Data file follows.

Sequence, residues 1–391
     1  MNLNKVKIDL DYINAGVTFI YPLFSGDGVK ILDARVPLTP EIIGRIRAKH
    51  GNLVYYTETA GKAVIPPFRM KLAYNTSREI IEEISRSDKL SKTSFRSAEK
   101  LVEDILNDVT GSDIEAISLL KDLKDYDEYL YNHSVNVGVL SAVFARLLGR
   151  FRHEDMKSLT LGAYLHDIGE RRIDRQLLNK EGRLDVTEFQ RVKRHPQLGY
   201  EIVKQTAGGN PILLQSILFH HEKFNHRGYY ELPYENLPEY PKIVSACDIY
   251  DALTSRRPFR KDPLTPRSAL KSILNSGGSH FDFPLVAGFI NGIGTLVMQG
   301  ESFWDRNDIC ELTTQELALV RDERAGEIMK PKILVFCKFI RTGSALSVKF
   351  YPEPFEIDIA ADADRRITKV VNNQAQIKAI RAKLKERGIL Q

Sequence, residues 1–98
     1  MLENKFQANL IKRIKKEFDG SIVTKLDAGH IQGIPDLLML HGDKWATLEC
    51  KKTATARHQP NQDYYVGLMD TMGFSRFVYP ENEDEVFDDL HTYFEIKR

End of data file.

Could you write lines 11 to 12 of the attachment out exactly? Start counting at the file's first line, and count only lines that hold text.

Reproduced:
     1  MLENKFQANL IKRIKKEFDG SIVTKLDAGH IQGIPDLLML HGDKWATLEC
    51  KKTATARHQP NQDYYVGLMD TMGFSRFVYP ENEDEVFDDL HTYFEIKR